Digital printing technologies play an important role in microelectronics, microsystems engineering, and sensor systems. Recently, scientists at the Fraunhofer Institute for Manufacturing Technology and Advanced Materials IFAM in Bremen, Germany, have discovered that they can use various printing methods to produce electronic components and sensors. The tiny resistors, transistors, circuit paths, and capacitors are first designed on screen and then printed directly onto 2Dand 3D substrates. Instead of paper inks, they are using “functional inks,” electronic materials in liquid or paste form.
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Thin Films Self-Assemble in One Minute
Posted in Electronics & Computers, Electronic Components, Photonics, Optics, Manufacturing & Prototyping, Materials, Coatings & Adhesives, Composites, Nanotechnology, News on Thursday, 12 June 2014
Researchers with the U.S. Department of Energy (DOE)'s Lawrence Berkeley National Laboratory (Berkeley Lab) have devised a technique whereby self-assembling nanoparticle arrays can form a highly ordered thin film over macroscopic distances in one minute.
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New Supercapacitor Could Make Structural Energy Storage A Reality
Posted in Electronics & Computers, Electronic Components, Power Management, Energy Storage, Energy, Semiconductors & ICs, News on Tuesday, 10 June 2014
Imagine a future in which our electrical gadgets are no longer limited by plugs and external power sources. This intriguing prospect is one of the reasons for the current interest in building the capacity to store electrical energy directly into a wide range of products, such as a laptop whose casing serves as its battery, or an electric car powered by energy stored in its chassis, or a home where the dry wall and siding store the electricity that runs the lights and appliances. It also makes the small, dull grey wafers that graduate student Andrew Westover and Assistant Professor of Mechanical Engineering Cary Pint have made in Vanderbilt's Nanomaterials and Energy Devices Laboratory far more important than their nondescript appearance suggests.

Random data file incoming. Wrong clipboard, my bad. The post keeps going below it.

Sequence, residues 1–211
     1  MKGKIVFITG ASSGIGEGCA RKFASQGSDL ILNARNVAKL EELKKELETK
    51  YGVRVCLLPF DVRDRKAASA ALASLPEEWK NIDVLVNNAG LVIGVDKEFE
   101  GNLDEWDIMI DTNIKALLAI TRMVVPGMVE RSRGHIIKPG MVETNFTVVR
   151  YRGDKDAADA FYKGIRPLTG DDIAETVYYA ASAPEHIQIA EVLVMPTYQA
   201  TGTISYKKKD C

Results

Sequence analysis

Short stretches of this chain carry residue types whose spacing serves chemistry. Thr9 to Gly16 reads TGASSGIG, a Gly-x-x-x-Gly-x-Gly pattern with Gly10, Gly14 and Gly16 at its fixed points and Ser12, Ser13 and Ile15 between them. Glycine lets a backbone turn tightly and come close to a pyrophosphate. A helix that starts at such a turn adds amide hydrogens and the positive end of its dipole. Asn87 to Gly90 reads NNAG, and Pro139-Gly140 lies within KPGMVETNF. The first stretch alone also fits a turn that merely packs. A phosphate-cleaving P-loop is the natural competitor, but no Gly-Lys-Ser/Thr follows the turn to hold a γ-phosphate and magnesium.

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New Way To Make Sheets Of Graphene Discovered
Posted in Electronics & Computers, Electronic Components, Materials, Coatings & Adhesives, Solar Power, Energy, Semiconductors & ICs, News on Tuesday, 10 June 2014
Graphene's promise as a material for new kinds of electronic devices, among other uses, has led researchers around the world to study the material in search of new applications. But one of the biggest limitations to wider use of the strong, lightweight, highly conductive material has been the hurdle of fabrication on an industrial scale.
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Implantable Electronic Gripping Devices
Posted in Electronic Components, Electronics, Materials, Composites, Plastics, Implants & Prosthetics, Medical, News, MDB on Wednesday, 04 June 2014
A team of scientists from The University of Texas, Dallas, along with colleagues at the University of Tokyo, Japan, have created biologically adaptive transistor devices that have the ability to become soft when implanted inside the body yet can reshape themselves and deploy to grip 3D objects, such as large tissues, nerves, and blood vessels.